How to Find a Therapist for the First Time
Finding the right therapist for one's psychological problems can be a daunting task. It takes time and effort but can be done if one is equipped with the right information.
It is common to seek therapy during an emergency or a catastrophe in one's life (like a breakup or divorce), but therapy is more appropriate when life isn't complicated. Major life-changing events like moving to a big city, starting a new job or becoming a parent can be a great time for therapy.
SIMILAR ARTICLES & IDEAS:
Mostly women go to therapy. This is true as women more often receive therapy because there is less stigma preventing them from doing so. Conversely, societal pressures make men ambivalent to therapy.
Most mental health professionals treat mental illness by combining psychotherapy and medication or by therapy alone. Many clients choose the latter when they don’t need medication or think of it as burdensome.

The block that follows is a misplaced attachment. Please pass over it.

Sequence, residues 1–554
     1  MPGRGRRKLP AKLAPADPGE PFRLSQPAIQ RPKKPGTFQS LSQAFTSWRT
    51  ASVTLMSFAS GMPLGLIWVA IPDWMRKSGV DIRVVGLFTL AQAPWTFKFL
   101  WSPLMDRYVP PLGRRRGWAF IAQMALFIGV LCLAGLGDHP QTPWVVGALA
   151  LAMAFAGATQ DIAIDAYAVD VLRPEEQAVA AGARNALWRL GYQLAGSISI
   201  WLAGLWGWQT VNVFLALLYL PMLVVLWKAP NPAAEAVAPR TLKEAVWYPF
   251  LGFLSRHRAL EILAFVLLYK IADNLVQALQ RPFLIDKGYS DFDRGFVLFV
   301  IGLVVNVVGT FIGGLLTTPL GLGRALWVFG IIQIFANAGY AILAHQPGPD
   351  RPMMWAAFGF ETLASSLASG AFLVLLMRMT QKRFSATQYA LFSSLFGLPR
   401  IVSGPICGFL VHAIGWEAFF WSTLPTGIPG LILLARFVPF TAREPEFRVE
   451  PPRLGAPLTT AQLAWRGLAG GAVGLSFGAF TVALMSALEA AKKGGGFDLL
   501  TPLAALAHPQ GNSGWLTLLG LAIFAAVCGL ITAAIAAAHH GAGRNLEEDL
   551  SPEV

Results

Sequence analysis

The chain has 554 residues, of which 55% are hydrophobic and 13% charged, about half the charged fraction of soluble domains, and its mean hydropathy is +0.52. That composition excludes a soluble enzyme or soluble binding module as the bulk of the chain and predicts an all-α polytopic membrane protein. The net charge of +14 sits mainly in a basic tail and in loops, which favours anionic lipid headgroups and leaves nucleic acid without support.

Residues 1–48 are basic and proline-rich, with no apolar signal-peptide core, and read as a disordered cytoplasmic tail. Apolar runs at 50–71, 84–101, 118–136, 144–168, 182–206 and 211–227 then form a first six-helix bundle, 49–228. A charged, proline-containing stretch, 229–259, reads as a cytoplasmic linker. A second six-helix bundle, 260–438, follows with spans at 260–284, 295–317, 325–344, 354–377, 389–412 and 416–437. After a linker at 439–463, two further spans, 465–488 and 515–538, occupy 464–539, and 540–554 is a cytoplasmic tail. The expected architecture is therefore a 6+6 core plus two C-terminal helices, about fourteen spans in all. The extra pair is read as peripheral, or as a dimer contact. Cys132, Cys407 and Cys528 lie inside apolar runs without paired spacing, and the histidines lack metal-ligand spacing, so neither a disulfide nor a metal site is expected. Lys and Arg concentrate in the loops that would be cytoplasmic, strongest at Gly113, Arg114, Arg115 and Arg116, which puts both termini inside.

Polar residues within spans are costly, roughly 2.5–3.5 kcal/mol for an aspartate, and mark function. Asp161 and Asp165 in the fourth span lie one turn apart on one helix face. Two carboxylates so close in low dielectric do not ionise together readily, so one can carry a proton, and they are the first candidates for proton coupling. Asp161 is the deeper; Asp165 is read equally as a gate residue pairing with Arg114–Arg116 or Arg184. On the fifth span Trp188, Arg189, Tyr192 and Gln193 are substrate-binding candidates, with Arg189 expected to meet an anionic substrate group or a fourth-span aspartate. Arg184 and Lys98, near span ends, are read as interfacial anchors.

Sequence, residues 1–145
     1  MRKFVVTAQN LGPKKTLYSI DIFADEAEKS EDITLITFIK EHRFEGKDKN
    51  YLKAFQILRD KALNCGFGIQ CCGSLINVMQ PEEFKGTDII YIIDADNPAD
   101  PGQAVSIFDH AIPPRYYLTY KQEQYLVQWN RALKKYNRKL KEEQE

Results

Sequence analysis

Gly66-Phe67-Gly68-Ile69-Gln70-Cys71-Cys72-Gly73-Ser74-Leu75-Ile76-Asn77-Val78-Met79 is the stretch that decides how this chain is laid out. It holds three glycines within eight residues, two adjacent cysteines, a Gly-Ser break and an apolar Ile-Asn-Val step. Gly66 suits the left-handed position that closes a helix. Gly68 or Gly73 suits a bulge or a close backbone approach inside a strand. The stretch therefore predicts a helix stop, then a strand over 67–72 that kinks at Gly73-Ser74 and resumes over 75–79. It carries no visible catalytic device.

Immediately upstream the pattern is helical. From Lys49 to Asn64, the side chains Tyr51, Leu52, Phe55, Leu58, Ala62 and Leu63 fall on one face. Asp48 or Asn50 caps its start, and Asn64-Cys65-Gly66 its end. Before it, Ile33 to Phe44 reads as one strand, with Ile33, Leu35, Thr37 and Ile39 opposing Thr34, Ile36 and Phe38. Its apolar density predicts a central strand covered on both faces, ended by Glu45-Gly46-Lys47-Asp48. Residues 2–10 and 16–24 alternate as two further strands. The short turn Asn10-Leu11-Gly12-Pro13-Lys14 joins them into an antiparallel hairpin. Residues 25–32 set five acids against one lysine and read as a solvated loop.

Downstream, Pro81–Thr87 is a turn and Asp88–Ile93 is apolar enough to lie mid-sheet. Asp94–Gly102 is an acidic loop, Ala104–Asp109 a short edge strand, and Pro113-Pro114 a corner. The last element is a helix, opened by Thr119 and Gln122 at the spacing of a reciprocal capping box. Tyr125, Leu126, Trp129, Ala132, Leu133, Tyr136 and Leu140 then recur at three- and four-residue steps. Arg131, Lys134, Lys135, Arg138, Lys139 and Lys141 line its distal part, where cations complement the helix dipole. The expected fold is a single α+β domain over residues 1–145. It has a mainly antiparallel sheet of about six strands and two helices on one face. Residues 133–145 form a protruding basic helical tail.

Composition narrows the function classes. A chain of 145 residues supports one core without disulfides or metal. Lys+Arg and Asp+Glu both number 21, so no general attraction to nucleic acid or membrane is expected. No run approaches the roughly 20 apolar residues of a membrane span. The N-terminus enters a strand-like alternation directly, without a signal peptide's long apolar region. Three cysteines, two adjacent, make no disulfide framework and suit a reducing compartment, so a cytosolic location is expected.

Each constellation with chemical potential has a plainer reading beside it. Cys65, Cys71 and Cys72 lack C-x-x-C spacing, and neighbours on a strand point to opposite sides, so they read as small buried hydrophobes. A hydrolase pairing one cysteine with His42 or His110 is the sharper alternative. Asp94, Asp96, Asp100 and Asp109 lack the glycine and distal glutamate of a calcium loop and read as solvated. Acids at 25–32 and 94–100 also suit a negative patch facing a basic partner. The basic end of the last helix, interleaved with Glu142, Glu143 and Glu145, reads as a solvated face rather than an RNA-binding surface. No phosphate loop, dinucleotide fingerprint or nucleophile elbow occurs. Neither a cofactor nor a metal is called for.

Untrained people can’t offer the same mental health benefits as a mental health professional could.
Your mental health is too big a responsibility to place on the people in your life. They will be there for you during hard times, but shouldn’t be a substitute for therapy.
Most couples don't consider counseling until a real crisis or a catastrophe appears.
It is better to go to couples counseling during a specific life event, strengthening some piece of a relationship, taking it as a preventive measure. This helps nip the larger issues in the bud before the partners are ready to kill each other. Going early also provides time to choose a counselor that clicks with both the partners.
Finding a suitable therapist, right for both the partners can take time. Take into consideration:
A good therapist can utilize multiple approaches and will tailor the provided therapy based on the couple's needs. The common therapies are:
You will need to feel safe and secure and establish a connection with your therapist. It is reasonable to try out a few until you find the right one.
The right therapist will encourage and support you in making uncomfortable changes.
Ask your community for mental health specialists recommendations. Consider asking your GP, family, friends or local community.
Once you have a few names, look up their qualifications and read up about them.